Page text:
Stratten appeared once before on this blog in a dialogue piece called Fish Market.
INT. STRATTEN’S BEDROOM
Stratten awakens from dreaming he was awake. A quick scan of the room confirms he is alone, but is quickly interrupted by the entrance of the Stranger.
Stratten quickly realizes that he is still asleep.
Burying his face in the pillow.
Stranger: Oh come on now. Let’s not be childish about this.
Childish? Of course.
ANGLE ON: Stratten face down in pillow.
Mother: Oh, come on up off that floor.
INT. STRATTEN’S CHILDHOOD HOME – DAY
Raising his head from the pillow, Stratten finds himself in the kitchen of his childhood home. His Father is doing pushups as his family sits down to dinner.
Stratten: What is this?
Stranger: A flashback, of course.
Stratten: A flashback? What is this a Dickens novel.
Stranger: I do hate to perpetuate that stereotype. It seems every time one encounters this scenario there is always the obligatory childhood flashback culminating in a resurrection or at the least, a reaffirmation of the unconditional benevolence of the human spirit. Still, I thought you might enjoy returning to your youth. It always seems so helpful in other forums. Besides, I rather enjoy it.
Stratten: Well, if this is a flashback then where am I?
Stranger: Oh, you’re quite lost in the woods.
Stratten: Lost in the woods? Of course, this was a very traumatic day for me. I’m desperately lost in the woods and my family is so concerned about my fate that they immediately sit down to dinner.
Why aren’t you out looking for me?
Mother: We didn’t know you were lost.
Stratten: (to Stranger) She can hear me?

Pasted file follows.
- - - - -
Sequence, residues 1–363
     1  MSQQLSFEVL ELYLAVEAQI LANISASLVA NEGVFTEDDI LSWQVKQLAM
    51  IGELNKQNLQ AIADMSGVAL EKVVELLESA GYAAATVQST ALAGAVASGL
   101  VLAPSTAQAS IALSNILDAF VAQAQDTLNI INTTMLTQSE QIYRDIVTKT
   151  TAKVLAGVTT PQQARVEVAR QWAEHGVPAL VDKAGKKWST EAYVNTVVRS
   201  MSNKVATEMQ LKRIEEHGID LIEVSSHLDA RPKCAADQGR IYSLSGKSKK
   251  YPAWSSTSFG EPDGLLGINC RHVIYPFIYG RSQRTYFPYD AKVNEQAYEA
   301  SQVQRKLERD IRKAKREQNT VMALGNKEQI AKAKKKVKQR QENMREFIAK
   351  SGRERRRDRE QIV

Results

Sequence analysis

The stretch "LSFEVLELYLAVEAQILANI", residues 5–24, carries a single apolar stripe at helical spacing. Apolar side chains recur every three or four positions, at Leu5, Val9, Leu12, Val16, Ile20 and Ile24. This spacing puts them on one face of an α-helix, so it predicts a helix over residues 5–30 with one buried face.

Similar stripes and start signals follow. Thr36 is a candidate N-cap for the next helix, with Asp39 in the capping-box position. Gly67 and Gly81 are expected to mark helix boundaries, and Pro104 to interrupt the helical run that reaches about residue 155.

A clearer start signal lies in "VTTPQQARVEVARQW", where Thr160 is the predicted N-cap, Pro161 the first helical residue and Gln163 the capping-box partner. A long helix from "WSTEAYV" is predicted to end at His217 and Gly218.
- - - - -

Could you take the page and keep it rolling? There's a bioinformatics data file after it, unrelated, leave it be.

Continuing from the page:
Stranger: They all can. Do you believe everything you read?
Mother: How were we to know you were lost? You were always daydreaming out in those woods, losing track of time and coming home late.
Stratten: What do you mean you didn’t know? Of course, you knew! By the time I finally found my way home, you had already rented out my room to those two migrant workers.
LITTLE STRATTEN runs in the door as two men emerge from a back room.
Father: Migrant workers? Son, they were delivering the new washer.
Stratten: New washer!?! The new washer. Really? Well, nobody told me.
Mother: Only because you ran out as quickly as you ran in.
Little Stratten runs out the door.
Stratten’s Father moves to look out the kitchen window.
Stratten: Well sure, I was going to run away.
Stranger: Excuse me, but now that I have run off and in consideration of my emotional disposition should you not be out searching for me?
Father looks out kitchen window.
Father: Yep, right to the dog house.
Mother: Didn’t think we knew about your secret hiding place, did you? You were so cute. Always running away and b-lining right to the dog house. You are so scared of the dark that you’d never actually go all the way in. Just sat there in the door pretending to be invisible.
Father: Made keeping track of you a whole lot easier. I’d watch you from this window right here. Then, I’d look out every so often and check on you until you’d become bored or hungry and find your way back in here.
Whose your friend?
Stratten: I don’t know.
Mother: Are you staying for supper?
Stratten: (to Stranger) What is it with them and food? Boy, my youth sure looks different in hindsight.
Stratten turns away from the Stranger to find himself returned to his bedroom.
INT. STRATTEN’S BEDROOM – DAY
Stratten: Look, who are you anyway?
Stranger: Well, I could be the Ghost of Christmas.
Stratten: Ghost of Christmas? Really. Are you the past, present or future ghost because you all look alike to me?
Stranger: Look, let’s not be racial about this. The very fact that you do not recognize me should gain you considerable insight into your own psyche.
Stratten: (waking up) Must be cabin fever, like Jack Nicholson in “The Shining”. I definitely need a road trip, before I start doing Carson impressions.